Bio

Erin Pearson is a literary scholar whose research focuses on the discourse on slavery, the construction of race, and nineteenth-century American and transatlantic literature.  Before becoming a Lecturer on History and Literature at Harvard, she was a Postdoctoral Fellow at the Frederick Douglass Institute for African and African-American Studies at the University of Rochester.  She received her Ph.D. in English from the University of California, Irvine, and her A.B. in English from Harvard College.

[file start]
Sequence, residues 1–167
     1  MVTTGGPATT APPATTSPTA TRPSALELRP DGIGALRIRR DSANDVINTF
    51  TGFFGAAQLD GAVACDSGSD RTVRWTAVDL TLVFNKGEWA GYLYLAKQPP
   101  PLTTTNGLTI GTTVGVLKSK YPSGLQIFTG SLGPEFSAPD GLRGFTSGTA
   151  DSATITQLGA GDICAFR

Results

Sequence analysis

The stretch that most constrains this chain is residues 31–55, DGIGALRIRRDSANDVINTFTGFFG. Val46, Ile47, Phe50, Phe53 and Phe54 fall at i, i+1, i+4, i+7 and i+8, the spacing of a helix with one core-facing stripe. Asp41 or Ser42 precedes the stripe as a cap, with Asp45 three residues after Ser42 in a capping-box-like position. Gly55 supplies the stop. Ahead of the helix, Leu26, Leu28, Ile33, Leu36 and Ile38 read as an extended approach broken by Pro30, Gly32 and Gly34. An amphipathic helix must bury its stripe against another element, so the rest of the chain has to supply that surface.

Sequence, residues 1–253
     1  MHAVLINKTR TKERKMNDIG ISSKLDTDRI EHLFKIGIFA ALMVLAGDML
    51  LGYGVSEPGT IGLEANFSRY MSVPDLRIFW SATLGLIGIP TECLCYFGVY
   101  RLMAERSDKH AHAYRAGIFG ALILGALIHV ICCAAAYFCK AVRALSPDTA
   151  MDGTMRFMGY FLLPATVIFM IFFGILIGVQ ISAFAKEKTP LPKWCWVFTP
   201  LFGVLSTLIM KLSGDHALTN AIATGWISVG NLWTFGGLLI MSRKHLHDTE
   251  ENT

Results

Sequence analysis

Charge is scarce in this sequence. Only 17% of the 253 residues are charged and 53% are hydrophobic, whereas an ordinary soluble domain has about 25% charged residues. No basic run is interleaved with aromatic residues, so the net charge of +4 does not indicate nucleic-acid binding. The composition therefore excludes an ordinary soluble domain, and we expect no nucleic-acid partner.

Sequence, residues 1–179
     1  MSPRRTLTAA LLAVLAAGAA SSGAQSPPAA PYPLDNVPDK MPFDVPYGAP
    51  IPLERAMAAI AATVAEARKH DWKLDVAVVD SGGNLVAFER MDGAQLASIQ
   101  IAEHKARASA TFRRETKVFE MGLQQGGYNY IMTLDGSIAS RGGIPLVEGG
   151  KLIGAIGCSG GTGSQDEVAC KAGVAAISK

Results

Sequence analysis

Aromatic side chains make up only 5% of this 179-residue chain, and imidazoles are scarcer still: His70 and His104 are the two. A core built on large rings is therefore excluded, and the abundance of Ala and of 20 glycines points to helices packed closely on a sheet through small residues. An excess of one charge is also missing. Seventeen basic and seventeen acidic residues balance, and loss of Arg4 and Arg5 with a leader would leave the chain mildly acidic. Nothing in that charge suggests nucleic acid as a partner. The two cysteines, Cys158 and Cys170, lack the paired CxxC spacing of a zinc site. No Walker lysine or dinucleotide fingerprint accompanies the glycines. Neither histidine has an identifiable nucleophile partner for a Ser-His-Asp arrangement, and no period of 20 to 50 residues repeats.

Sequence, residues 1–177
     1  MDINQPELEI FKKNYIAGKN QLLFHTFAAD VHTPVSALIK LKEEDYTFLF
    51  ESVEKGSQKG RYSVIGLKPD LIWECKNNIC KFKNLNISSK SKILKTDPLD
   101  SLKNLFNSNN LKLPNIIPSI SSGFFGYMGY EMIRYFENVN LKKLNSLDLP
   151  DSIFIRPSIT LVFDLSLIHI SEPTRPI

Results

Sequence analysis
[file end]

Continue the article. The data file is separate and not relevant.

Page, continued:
Her current book project, Savage Hunger: Cannibalism and the Discourse on Slavery in the United States and Caribbean, argues that cannibalism was a defining feature of the discourse on slavery.  From the proslavery advocates who used allegations of African cannibalism to justify enslavement to the antislavery activists who used cannibalism as a metaphor for human exploitation, cannibalism afforded Anglophone writers in the eighteenth and nineteenth centuries a powerful conceptual tool for making sense of slavery.  Her approach combines the examination of rare archival materials like political cartoons and blackface minstrel songsters with extended close readings of major works by writers including Olaudah Equiano, Frederick Douglass, and Herman Melville.